The Greatest Time of the Year

bracketb

It’s that time of the year again, the opening weekend of March Madness: the time of year to burn a couple sick days by vegging on the couch for two consecutive days in a buffalo-wing-comatose state, consumed by the ensuing madness and painful decimation of our pursuit of bracket glory!

By why is it that we adore the impending forty-eight hours so?

One would fail to argue that the NCAA product exceeds that of the NBA, as there are numerous idiotic elements the college brand of basketball possesses that their professional counterpart does not: the thirty-five second shot clock that renders the final ninety seconds of play to a festival of fouling ; there is the coaches over-managing the games, being allowed to call time-outs after their team scores; there is the mandatory media time-outs, though placed at the first break in play after the sixteen, twelve, eight and four minute marks, coaches seem to always forget and burn one of their own, forcing situations where the viewers will be slapped with two sets of commercials with just thirty seconds of game time elapsing. Which means in a two-hour game a viewer will see the Sean-Penn-starring-as-Liam-Nielson-in-Taken trailer fifteen times.

Additionally, there is the whole AAU-inlfuenced bit that leaves the players void of fundamental training, incapable of shooting or properly running a pick-and-roll, which gives us 50-47 rock fights. The only NCAA rule that I can discern the NBA should adopt is the one-and-one bonus system. Though the NBA players shoot a much higher percentage from the charity stripe, there is something about the added pressure that leads to more drama in late-game situations. Imagine how fun it would be to watch Lebron shoot a 1-and-1 with twelve seconds left and the Cavs up two?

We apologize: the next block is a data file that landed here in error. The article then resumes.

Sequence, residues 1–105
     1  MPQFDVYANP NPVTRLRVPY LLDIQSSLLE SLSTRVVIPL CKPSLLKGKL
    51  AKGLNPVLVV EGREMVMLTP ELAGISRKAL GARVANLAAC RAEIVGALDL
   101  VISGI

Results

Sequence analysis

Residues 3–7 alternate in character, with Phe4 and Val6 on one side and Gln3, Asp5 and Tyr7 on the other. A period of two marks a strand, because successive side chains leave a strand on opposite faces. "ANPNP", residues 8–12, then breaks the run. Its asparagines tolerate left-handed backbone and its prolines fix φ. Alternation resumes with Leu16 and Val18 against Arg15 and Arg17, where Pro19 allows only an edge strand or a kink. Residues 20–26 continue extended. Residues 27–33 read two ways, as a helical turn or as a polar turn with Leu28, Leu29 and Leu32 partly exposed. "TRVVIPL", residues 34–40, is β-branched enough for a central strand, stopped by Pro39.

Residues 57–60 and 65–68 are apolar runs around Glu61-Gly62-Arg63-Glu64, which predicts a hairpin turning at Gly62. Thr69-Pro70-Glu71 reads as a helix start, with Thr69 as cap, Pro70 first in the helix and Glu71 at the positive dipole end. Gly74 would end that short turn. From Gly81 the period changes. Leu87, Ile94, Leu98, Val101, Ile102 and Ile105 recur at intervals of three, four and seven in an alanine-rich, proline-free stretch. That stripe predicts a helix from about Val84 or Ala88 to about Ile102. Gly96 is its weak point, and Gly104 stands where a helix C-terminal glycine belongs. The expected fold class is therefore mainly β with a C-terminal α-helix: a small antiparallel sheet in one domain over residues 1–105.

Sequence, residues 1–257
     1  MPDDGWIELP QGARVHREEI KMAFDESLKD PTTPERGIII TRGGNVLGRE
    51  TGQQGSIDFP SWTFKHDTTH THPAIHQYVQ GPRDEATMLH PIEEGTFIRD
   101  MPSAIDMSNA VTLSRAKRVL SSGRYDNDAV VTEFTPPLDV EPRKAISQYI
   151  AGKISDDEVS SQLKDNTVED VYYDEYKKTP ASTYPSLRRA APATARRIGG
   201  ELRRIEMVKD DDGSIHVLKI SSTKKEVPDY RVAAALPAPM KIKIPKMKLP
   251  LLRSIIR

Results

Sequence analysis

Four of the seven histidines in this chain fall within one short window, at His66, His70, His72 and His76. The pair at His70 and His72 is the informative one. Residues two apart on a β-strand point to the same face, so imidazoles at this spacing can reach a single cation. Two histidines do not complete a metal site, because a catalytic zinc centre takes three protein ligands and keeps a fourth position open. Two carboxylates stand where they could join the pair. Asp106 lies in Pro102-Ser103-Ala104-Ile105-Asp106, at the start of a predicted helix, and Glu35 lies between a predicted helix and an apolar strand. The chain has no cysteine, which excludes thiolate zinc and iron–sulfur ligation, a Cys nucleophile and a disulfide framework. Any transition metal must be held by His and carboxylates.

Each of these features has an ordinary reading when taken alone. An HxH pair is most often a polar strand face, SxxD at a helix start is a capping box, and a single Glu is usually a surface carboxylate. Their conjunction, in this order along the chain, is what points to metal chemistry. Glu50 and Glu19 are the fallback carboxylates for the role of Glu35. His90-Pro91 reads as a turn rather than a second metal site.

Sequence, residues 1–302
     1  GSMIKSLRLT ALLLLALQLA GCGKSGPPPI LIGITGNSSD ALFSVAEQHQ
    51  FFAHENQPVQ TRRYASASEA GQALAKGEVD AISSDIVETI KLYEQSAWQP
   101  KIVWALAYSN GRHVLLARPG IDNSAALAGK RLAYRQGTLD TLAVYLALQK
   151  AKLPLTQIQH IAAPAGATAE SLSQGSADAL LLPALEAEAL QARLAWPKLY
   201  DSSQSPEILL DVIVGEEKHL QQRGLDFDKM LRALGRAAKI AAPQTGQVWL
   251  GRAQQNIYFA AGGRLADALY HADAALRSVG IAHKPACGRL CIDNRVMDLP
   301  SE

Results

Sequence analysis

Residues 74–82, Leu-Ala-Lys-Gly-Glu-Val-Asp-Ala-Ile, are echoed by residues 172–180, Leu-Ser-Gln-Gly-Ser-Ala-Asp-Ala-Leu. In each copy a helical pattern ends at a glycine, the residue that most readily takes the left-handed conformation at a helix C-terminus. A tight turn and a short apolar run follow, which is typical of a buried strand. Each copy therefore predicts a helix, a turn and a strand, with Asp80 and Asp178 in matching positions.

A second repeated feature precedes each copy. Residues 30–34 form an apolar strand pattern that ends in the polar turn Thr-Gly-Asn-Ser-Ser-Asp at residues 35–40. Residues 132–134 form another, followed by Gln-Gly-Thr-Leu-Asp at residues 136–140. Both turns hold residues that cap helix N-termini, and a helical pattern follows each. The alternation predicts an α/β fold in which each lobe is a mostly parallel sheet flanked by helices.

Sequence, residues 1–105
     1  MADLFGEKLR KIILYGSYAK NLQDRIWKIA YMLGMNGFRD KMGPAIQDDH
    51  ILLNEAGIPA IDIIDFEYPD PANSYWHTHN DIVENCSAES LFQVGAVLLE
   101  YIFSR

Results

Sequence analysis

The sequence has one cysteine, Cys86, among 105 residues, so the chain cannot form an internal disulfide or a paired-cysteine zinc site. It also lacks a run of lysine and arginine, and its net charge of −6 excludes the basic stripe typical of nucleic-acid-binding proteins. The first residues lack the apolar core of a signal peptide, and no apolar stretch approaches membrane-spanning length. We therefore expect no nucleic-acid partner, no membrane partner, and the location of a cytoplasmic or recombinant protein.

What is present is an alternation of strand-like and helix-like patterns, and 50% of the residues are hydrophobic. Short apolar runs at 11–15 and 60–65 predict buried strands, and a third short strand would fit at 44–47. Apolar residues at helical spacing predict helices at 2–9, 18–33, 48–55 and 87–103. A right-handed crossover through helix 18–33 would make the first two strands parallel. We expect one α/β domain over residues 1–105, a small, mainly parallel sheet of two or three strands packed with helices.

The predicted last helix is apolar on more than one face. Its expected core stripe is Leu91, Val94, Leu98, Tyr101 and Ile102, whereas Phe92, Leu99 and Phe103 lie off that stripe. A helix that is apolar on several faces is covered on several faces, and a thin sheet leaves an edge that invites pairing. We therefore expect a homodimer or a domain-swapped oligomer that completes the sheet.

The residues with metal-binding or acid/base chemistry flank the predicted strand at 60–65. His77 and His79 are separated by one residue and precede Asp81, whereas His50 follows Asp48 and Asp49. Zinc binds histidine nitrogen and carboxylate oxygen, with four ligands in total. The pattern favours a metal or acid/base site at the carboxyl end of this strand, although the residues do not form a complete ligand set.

But even with all these admitted, glaring deficiencies in the college game, we stay in our sweatpants all day and engulf the tournament in large, unchewed, gluttonous bites. So much so that the NCAA tournament TV rights are worth more than the NBA Playoffs and the Super Bowl!

Why do we love it? Certainly it has nothing to do with observing the game at its purest form, as we all know the NCAA is the present-day Costra Nostra.

We love the tournament for the bracket and for what the bracket represents.

We love this month-long tournament because we are obsessed with self-validation.

Our self-validation obsession is best highlighted through the lens of our social media dependency. A tool we use only to broadcast the lives we are living by falsifying the degree in which we are enjoying to live them. If we’re having a night that is a 6-out-of-10, we will throw in some hyperbole to make sure the hundreds of followers, that we don’t really like or know but really care how much they like us, will drown in envy of the fun they’re perceiving that we are having. It’s why we Snapchat bottle service, even though we didn’t buy it, and it’s why we always always always take a picture out of the window of a airplane.

The tournament, more accurately our bracket, serves us as a public display that our sports opinion matters. Sure we might win some scratch if we seize our office/family/friend-group pool, but really we do it for the pride. We watch each of these poorly-played, flaw-riddened games because each one is an examination of how smart we are: we watch to validate our intelligence in relation to the others we know.

And here are my picks, since I, like you, also care too much.

Early Upsets: Dayton wins, Buffalo wins, Davidson wins, Texas and Ohio State. Also Wichita to sweet sixteen.

Elite Eight Picks: Kentucky, Notre Dame, Wisconsin, Arizona, Villanova, Virginia, Utah, Iowa State.

Final Four: Kentucky, Arizona, Virginia, Iowa State

Chipper: Kentucky over Virginia.

Good Luck

Advertisements

Leave a Reply

Fill in your details below or click an icon to log in:

WordPress.com Logo

You are commenting using your WordPress.com account. Log Out / Change )

Twitter picture

You are commenting using your Twitter account. Log Out / Change )

Facebook photo

You are commenting using your Facebook account. Log Out / Change )

Google+ photo

You are commenting using your Google+ account. Log Out / Change )

Connecting to %s